Vessels of Spirituality

Beyond their circular role in transporting the world’s goods, Filipino seafarers help spread the gift of spiritual living

Originally published in Seafarer Asia Spirituality Issue on October 2016

In the more than 15 years Pastor Bahman Amirazodi has served as port chaplain, having come across thousands of seafarers from different walks of life, he shares that among them all, Filipino seafarers stands out.

Pastor Bahman“I really thank God for Filipinos,” Pastor Amirazodi share. “Of all the nationalities I’ve visited onboard, no one knows the Bible more than Filipinos do. They practice what the Bible preaches. Their rich spirituality taught me so many things about God,” he adds.

Having recently attended the International Christian Maritime Association (ICMA) AHOY Training Course in Manila, Pastor Amirazodi shares that this experience is an answered prayer. “I have always been praying for the day when I could come to the Philippines and thank this nation for its service. One of the things that humanity is very hungry for is spirituality—we are very saturated with materialism today, and beyond their vital role in transporting the world’s goods, Filipino seafarers serve as channels through which spirituality is shared across the world,” he says.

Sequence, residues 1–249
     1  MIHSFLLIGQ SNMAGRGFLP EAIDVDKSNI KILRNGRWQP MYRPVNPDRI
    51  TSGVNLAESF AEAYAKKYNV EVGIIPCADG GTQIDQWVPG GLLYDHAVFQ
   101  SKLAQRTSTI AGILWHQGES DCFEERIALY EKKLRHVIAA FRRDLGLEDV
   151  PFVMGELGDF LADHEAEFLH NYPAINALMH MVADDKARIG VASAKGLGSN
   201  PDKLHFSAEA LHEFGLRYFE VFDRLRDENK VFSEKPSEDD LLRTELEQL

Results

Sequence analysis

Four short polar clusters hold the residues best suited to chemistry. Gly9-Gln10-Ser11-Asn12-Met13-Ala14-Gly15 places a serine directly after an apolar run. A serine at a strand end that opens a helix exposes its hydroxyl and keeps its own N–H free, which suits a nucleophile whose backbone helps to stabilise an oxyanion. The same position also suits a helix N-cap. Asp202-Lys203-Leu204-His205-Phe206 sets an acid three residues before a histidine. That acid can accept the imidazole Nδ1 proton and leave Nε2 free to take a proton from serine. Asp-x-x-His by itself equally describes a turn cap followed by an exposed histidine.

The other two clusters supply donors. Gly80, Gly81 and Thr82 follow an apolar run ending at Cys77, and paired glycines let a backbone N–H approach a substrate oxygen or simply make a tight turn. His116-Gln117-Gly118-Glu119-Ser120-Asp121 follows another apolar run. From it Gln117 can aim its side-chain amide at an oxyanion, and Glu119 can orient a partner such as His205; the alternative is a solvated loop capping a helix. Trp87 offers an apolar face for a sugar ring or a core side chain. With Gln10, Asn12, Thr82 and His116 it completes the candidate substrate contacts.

His rocky road to God

When the long history of border issues between Iraq and Iran finally escalated into a devastating war in 1980, relentless airstrikes, missiles, and chemical attacks befell both countries, eventually killing some 1.5 million people by the time the war ended.

Fearing for his life, a young Amirazodi fled to the mountains for survival when the war progressed to his hometown of Shiraz. “My only choice was to run away to the mountains where there were less possible bombardments,” he shares. While in self-confinement, he spent his time reflecting about life and started seeking God. “I would look at the birds in the sky and cry to myself, saying, Am I less than these birds? I am living, but everyone around me was dying and I knew that I could die any moment as well,” he recounts.

Pastor Amirazodi shares he would go far into the mountains, praying to a God whom he did not know yet: “I would pray, ‘God, you are the God of life and I wasn’t to know You. You’re a different god; you are the true God so please save my life because I love life and still want to live it. If you may save me, I will not ask You for anything else. Instead, I will seek and serve You for the rest of my life.

After eight years of living in fear, physically spent from going back and forth the mountains, the Lord finally answered the young Amirazodi’s prayers. The war came to end.

Fulfilling a promise

While other survivors were redefining their lives, the young Amirazodi wasted no time to fulfill his predetermined mission. He was seeking the Lord and knew he wouldn’t find Him where he was, so the moment his visa to Brazil was granted, Amirazodi embarked upon his mission. “It was my turn to keep my promise, so I looked for a visa and the only country I could get one for was Brazil. As soon as I got there, the U.N. refugee agency, UNHCR, received my very well. I was accepted by a refugee center in Rio de Janeiro and from there, I started looking for churches to know God,” he relates.